*added guilty* but you can add a feeling of your choice. You can also add an I love you somewhere in there (if you do, lol)

But remember if you make a promise like this you have to keep it. The first step to building trust back is to do what you say your gonna. And if its too big to handle in the long run see a counselor.

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D, I think the mood tracking is a good idea.

Me and husband have done lots of counseling plus he's had a lot of BP ed, and has come to dr and therapy appts with me. It's really a marked difference in how he handles my bipolar. Which at times, I am sure, makes me difficult to live with.

I am completely open with him, even though I'm sure at times that is difficult. But he is part of my support system, and he'd really rather know, I think, that I am planning to take all my meds to Nogales, abandon car, bike into wilderness, abandon bike, walk into the wilderness, then take everything and put a plastic bag over my head, the let the coyotes eat me so everyone can have life insurance money. He uh, really really would. I mean, it's stressful, but not knowing is a) unsafe for me and b) isn't going to make him trust me when I tell him things. He gets to hear all my crazy bp thoughts and talks me down from the edge many times.

That said, yeah, I'm sure its stressful. Coming from the other side, he is now dx with PTSD, depression, and anxiety, so he gets it more from my persepective now and I get to be part of HIS support system. Again, we are pretty open and stuff. I put up with his sx, he puts up with mine. This is because we love each other and care.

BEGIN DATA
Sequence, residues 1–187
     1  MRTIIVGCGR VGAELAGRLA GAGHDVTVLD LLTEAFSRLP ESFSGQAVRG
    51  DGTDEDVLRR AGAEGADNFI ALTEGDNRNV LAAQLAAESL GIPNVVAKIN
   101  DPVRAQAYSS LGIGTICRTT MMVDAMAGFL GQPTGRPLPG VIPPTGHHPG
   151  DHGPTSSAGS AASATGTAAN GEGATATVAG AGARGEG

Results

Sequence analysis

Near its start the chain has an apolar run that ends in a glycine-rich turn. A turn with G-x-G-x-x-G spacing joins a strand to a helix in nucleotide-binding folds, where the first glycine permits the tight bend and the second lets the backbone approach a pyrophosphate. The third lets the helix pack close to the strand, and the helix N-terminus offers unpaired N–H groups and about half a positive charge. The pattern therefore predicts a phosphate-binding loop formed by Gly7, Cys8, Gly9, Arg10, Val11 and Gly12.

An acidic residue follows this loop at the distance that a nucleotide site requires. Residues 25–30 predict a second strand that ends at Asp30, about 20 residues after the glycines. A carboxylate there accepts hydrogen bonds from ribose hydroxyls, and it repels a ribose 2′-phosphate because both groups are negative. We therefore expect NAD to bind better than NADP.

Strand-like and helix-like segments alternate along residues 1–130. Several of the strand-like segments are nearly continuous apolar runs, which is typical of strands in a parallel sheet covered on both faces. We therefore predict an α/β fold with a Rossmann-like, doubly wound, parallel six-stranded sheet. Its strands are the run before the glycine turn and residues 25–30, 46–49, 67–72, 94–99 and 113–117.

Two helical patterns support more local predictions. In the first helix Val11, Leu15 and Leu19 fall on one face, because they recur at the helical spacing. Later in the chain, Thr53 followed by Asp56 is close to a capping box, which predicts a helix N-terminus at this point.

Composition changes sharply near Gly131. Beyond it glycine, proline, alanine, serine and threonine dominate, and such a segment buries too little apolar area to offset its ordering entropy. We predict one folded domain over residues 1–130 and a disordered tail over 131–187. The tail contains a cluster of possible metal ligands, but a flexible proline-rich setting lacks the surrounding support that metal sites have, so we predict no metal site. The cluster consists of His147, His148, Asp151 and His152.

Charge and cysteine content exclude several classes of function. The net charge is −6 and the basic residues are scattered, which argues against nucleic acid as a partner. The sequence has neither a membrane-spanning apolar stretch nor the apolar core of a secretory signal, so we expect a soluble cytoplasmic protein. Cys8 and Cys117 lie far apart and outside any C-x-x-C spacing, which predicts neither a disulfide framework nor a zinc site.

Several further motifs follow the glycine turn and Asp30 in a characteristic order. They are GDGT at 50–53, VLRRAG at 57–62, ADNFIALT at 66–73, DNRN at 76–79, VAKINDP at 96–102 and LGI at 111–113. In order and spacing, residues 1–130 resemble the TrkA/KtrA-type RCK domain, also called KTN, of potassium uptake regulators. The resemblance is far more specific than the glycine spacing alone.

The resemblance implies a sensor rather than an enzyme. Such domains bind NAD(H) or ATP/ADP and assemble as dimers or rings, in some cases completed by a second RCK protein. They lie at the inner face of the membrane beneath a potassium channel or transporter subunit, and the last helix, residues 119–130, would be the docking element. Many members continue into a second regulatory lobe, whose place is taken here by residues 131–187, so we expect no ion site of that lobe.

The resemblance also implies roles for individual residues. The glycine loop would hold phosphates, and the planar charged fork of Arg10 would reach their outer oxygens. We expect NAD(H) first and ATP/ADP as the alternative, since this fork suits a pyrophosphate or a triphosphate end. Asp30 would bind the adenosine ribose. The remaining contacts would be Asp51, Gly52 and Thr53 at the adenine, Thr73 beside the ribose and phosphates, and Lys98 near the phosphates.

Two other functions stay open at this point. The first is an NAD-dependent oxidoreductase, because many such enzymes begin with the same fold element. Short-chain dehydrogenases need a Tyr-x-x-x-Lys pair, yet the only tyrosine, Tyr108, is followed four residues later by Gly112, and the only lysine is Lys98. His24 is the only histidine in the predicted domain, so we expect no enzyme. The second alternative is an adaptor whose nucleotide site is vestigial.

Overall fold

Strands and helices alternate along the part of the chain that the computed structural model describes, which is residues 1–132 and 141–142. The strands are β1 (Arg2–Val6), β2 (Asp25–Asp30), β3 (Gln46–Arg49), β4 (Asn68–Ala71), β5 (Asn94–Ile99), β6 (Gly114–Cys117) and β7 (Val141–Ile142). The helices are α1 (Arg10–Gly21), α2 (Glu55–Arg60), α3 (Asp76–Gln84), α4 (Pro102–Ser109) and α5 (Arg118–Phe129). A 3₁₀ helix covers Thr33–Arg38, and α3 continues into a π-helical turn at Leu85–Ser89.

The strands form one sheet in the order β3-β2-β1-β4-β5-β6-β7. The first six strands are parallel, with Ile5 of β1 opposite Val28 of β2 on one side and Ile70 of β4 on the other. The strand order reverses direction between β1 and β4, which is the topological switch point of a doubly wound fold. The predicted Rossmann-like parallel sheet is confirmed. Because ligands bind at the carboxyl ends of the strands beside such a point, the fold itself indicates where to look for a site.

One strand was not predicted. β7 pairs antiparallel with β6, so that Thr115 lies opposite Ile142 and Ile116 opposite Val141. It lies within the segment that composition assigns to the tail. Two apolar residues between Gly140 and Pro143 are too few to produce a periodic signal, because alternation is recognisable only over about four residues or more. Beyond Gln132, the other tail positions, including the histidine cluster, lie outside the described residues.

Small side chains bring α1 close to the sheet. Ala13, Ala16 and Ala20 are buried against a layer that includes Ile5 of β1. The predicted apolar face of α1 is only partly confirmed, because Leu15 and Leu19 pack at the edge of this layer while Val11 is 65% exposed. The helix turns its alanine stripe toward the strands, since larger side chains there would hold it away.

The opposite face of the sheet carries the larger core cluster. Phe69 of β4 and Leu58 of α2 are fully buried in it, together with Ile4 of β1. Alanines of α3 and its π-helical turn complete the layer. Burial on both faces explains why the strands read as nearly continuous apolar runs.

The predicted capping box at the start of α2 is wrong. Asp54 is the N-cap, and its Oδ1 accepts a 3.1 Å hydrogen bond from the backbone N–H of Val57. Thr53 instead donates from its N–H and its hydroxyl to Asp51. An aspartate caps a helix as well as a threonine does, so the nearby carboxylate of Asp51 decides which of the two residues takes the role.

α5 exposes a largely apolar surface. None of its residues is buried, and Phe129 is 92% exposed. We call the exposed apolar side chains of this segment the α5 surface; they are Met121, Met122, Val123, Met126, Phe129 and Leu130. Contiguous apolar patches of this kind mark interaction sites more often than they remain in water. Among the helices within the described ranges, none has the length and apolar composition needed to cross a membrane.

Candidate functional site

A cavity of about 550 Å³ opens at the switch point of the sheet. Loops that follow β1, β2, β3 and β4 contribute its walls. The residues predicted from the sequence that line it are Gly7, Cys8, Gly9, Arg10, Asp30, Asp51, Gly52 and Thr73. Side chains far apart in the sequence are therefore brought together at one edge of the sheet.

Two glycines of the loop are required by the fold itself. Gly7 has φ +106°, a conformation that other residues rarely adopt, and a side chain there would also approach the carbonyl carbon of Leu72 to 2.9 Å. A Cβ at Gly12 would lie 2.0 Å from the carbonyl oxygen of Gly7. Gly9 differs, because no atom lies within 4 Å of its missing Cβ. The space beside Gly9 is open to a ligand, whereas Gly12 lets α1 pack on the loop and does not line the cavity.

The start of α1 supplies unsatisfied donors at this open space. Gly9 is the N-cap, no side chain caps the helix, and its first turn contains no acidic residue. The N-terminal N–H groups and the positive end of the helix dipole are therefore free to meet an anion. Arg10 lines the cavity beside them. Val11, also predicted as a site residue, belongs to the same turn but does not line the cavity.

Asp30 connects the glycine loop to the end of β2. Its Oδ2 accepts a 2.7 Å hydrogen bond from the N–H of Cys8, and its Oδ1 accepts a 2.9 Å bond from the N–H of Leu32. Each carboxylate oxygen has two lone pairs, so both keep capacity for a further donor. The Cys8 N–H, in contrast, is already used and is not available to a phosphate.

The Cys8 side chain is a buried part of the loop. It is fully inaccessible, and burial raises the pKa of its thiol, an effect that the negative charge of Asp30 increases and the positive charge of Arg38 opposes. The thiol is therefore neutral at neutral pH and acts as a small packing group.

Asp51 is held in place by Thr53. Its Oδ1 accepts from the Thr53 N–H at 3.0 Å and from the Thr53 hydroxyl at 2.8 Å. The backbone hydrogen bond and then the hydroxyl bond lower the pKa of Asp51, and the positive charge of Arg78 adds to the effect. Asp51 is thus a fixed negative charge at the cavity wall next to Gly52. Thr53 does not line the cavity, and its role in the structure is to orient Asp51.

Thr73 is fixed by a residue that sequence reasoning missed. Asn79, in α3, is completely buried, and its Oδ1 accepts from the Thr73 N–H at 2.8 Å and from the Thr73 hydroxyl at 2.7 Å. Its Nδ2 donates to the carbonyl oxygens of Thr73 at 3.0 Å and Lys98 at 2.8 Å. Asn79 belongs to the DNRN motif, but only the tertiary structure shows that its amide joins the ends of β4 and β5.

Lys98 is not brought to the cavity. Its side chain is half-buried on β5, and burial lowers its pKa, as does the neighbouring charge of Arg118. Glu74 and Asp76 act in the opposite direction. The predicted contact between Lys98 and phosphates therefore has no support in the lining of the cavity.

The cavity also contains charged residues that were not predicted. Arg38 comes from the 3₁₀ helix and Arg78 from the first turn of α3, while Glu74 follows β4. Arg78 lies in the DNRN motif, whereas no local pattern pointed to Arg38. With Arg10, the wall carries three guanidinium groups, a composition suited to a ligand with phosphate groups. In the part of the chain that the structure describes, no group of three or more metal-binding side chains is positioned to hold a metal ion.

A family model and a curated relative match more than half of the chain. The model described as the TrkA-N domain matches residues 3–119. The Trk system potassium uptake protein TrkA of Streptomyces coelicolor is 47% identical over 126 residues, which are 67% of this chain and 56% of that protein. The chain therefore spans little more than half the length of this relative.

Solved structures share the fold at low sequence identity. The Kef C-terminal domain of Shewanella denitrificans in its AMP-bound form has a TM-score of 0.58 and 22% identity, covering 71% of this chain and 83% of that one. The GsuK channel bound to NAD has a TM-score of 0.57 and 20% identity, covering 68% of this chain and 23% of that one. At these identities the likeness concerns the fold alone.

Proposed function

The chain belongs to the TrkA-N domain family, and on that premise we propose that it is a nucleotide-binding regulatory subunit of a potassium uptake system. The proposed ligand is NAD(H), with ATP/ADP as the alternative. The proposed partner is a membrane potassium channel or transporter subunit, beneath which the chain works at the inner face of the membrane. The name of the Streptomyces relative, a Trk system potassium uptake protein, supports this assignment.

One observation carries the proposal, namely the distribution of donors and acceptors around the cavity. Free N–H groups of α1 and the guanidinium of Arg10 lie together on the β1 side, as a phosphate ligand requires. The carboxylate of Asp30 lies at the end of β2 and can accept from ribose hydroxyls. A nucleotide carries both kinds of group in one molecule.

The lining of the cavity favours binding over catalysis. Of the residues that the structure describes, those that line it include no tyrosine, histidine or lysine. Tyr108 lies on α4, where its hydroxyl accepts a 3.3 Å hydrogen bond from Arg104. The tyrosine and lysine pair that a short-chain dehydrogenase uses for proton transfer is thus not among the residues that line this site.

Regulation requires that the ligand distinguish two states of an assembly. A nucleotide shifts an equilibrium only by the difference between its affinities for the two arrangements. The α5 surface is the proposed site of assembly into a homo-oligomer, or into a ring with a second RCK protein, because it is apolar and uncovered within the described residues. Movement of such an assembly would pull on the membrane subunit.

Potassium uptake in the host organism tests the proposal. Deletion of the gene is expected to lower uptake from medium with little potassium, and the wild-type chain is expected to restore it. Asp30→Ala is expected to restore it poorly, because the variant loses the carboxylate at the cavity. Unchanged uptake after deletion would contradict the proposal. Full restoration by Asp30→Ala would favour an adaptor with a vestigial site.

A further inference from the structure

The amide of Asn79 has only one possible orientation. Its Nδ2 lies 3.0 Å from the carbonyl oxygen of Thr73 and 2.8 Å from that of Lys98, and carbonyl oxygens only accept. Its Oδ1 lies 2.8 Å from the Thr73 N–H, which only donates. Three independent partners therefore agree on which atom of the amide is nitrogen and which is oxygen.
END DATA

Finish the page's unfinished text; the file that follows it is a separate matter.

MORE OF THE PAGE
But good communciation strategies are key. One for me is "just venting" then Mr. A knows I'm not going to act on anything. We have lots of tricks an tips, and do a lot of validating of each other (we went through a specific relationship enhancement/communication skillls book) it was really helpful.

Try not to worry about husband wanting to be with you. I know that's hard when you are depressed and feel like no one SHOULD be with you. He's there, so he wants to be there. My family loves me despite my illness and accept that when I'm not myself, I cannot help it.

Anna

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Damik -

Ten days is probably not a long enough sampling to know whether a new medication is going to serve you in the long term, so it might be a little premature to be too disappointed that you're having a downward sag - and you say you did get some uplift from it early on, so there is room for you and your husband to take a hopeful view. Perhaps the two of you could agree together that you're going to take a glass-half-full approach whenever possible: You're feeling down again, but you had some good days, and the fact that the meds had a positive effect on your mood is potentially a good sign. And even if the Emsam ultimately isn't your solution, it gave you some relief on your journey to finding the right one.

In the spirit of full disclosure, I am personally pretty much unshakably glass-half-empty and have have failed miserably at every attempt to change my point-of-view, but I still think it's a good idea if you can make it work for you. Some people - even depressed people - can, with enough determination.

Cerberus